Mixing and entrainment in hydraulically driven stratified sill flows
Nielsen, Morten Holtegaard
Pratt, Lawrence J.
Helfrich, Karl R.
MetadataShow full item record
The investigation involves the hydraulic behaviour of a dense layer of fluid flowing over an obstacle and subject to entrainment of mass and momentum from a dynamically inactive (but possibly moving) overlying fluid. An approach based on the use of reduced gravity, shallow-water theory with a cross-interface entrainment velocity is compared with numerical simulations based on a model with continuously varying stratification and velocity. The locations of critical flow (hydraulic control) in the continuous model are estimated by observing the direction of propagation of small-amplitude long-wave disturbances introduced into the flow field. Although some of the trends predicted by the shallow-water model are observed in the continuous model, the agreement between the interface profiles and the position of critical flow is quantitatively poor. A reformulation of the equations governing the continuous flow suggests that the reduced gravity model systematically underestimates inertia and overestimates buoyancy. These differences are quantified by shape coefficients that measure the vertical non-uniformities of the density and horizontal velocity that arise, in part, by incomplete mixing of entrained mass and momentum over the lower-layer depth. Under conditions of self-similarity (as in Wood's similarity solution) the shape coefficients are constant and the formulation determines a new criterion for and location of critical flow. This location generally lies upstream of the critical section predicted by the reduced-gravity model. Self-similarity is not observed in the numerically generated flow, but the observed critical section continues to lie upstream of the location predicted by the reduced gravity model. The factors influencing this result are explored.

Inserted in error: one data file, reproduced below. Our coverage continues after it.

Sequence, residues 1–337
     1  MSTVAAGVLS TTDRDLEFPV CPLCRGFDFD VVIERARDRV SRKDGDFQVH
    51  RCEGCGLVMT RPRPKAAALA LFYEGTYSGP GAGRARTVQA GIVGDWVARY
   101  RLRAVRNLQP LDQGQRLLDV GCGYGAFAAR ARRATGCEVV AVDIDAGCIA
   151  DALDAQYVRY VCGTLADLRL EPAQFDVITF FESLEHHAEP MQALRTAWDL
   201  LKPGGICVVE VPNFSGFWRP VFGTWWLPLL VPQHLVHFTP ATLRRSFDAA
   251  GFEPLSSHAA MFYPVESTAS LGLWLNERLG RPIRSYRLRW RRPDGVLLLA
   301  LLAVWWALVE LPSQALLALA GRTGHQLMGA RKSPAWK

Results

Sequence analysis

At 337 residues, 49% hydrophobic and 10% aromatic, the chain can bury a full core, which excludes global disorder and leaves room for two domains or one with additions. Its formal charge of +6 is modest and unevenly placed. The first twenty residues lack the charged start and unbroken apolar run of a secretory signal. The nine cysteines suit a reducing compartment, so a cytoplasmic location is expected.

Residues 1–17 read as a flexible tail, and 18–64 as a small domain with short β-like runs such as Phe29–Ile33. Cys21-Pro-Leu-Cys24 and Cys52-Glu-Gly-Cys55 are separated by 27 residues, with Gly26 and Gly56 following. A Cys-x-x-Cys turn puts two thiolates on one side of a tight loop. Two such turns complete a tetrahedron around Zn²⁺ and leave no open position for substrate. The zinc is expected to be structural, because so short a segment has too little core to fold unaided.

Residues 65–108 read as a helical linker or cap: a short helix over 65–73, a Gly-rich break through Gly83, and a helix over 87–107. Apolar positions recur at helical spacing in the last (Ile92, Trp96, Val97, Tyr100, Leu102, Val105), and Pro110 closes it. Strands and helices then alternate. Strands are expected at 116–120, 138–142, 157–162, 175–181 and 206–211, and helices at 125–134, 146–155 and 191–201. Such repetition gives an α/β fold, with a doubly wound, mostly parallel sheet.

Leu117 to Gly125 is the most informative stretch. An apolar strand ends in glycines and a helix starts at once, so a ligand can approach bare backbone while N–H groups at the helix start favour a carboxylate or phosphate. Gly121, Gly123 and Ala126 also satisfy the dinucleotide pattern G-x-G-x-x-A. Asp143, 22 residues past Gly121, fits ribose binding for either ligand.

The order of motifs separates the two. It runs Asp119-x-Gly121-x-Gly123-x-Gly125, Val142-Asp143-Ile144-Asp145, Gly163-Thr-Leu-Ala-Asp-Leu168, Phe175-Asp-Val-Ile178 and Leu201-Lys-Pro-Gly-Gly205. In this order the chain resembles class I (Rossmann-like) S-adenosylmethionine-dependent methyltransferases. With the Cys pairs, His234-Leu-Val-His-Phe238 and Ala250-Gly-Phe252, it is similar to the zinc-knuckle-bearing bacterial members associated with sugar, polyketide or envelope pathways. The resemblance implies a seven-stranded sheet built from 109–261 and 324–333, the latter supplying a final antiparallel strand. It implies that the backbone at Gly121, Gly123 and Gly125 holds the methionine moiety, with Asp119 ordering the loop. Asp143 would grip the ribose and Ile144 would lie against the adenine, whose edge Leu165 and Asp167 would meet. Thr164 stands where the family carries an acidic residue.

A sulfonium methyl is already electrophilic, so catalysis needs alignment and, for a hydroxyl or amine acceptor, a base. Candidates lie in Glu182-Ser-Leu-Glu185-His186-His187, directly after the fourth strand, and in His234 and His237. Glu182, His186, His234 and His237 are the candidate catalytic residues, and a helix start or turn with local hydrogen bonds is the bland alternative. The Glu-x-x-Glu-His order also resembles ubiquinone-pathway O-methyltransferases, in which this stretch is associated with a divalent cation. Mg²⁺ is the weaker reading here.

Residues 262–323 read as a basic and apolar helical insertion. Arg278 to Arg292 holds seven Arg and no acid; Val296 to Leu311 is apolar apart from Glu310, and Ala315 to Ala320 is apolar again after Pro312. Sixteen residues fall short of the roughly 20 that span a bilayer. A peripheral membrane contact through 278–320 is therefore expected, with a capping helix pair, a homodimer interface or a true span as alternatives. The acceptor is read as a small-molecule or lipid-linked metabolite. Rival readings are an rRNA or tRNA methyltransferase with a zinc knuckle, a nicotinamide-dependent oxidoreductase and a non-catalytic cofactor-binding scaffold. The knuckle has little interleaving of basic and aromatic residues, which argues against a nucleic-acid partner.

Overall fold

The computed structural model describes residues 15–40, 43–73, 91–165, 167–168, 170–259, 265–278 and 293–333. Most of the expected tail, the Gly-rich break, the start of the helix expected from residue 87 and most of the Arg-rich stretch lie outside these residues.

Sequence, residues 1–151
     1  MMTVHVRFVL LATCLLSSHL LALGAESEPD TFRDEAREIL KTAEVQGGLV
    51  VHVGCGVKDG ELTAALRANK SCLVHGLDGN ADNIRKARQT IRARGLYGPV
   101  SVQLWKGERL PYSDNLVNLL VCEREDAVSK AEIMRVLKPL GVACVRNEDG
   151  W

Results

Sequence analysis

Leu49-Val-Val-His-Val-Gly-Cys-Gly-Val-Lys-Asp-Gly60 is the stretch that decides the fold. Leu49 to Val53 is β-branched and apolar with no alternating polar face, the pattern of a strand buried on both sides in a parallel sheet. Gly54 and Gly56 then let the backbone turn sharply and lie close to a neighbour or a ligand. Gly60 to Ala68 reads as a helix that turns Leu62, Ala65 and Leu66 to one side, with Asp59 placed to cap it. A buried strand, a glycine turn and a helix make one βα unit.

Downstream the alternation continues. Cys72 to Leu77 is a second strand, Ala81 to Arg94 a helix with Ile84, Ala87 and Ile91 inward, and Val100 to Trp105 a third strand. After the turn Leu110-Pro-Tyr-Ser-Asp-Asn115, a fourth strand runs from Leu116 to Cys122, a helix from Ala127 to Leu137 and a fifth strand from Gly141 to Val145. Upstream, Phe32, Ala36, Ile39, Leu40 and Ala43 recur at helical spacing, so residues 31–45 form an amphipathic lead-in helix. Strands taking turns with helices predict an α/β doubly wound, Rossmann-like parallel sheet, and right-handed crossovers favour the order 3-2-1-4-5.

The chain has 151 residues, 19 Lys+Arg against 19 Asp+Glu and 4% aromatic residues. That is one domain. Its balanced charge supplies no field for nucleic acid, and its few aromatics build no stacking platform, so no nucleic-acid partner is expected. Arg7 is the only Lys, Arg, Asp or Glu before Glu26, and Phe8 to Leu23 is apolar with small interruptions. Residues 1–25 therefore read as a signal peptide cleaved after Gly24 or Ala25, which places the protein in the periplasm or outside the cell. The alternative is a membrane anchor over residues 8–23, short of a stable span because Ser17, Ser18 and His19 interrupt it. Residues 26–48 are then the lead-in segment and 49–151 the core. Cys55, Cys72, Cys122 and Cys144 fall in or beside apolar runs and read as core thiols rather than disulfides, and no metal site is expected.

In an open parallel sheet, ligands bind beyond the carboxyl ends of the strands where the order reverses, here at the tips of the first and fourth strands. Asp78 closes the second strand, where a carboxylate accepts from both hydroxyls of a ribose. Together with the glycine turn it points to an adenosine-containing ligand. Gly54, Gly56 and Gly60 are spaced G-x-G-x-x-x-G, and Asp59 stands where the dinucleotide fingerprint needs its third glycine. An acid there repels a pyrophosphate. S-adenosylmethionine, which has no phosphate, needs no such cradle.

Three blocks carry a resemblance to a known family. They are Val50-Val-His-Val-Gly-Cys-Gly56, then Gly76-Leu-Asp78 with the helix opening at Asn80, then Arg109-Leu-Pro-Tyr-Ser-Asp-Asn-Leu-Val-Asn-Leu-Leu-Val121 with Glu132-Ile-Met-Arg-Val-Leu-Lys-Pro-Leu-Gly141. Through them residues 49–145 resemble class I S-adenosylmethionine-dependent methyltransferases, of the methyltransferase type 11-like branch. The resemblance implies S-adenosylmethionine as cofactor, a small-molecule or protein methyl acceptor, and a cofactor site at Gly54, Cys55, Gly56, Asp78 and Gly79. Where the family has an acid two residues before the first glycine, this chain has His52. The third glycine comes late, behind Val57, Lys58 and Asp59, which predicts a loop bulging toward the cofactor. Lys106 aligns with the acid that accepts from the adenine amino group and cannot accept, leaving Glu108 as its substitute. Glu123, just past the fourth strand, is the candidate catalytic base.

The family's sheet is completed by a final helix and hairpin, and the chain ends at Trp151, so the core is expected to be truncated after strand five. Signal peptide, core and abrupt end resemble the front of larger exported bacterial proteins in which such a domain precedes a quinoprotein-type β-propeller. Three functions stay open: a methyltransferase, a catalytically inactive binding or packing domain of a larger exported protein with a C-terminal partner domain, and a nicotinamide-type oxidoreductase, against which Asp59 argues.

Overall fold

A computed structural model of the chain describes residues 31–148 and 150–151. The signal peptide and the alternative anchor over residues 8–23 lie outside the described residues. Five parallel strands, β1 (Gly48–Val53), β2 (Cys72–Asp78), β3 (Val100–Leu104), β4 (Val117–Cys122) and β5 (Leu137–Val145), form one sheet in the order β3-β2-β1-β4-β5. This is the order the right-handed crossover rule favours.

Author Posting. © Cambridge University Press, 2004. This article is posted here by permission of Cambridge University Press for personal use, not for redistribution. The definitive version was published in Journal of Fluid Mechanics 515 (2004): 415-443, doi:10.1017/S0022112004000576.
Showing items related by title, author, creator and subject.
Ogden, Kelly A. (Massachusetts Institute of Technology and Woods Hole Oceanographic Institution, 2017-02)Internal hydraulic jumps in flows with upstream shear are investigated numerically and theoretically. The role of upstream shear has not previously been thoroughly investigated, although it is important in many oceanographic ...
Soil hydraulic response to land-use change associated with the recent soybean expansion at the Amazon agricultural frontier Scheffler, Raphael; Neill, Christopher; Krusche, Alex V.; Elsenbeer, Helmut (2011-08)Clearing for large-scale soy production and the displacement of cattle-breeding by soybeans are major features of land-use change in the lowland Amazon that can alter hydrologic properties of soils and the runoff generation ...
Girton, James B.; Pratt, Lawrence J.; Sutherland, David A.; Price, James F. (American Meteorological Society, 2006-12)The overflow of dense water from the Nordic Seas through the Faroe Bank Channel (FBC) has attributes suggesting hydraulic control—primarily an asymmetry across the sill reminiscent of flow over a dam. However, this aspect ...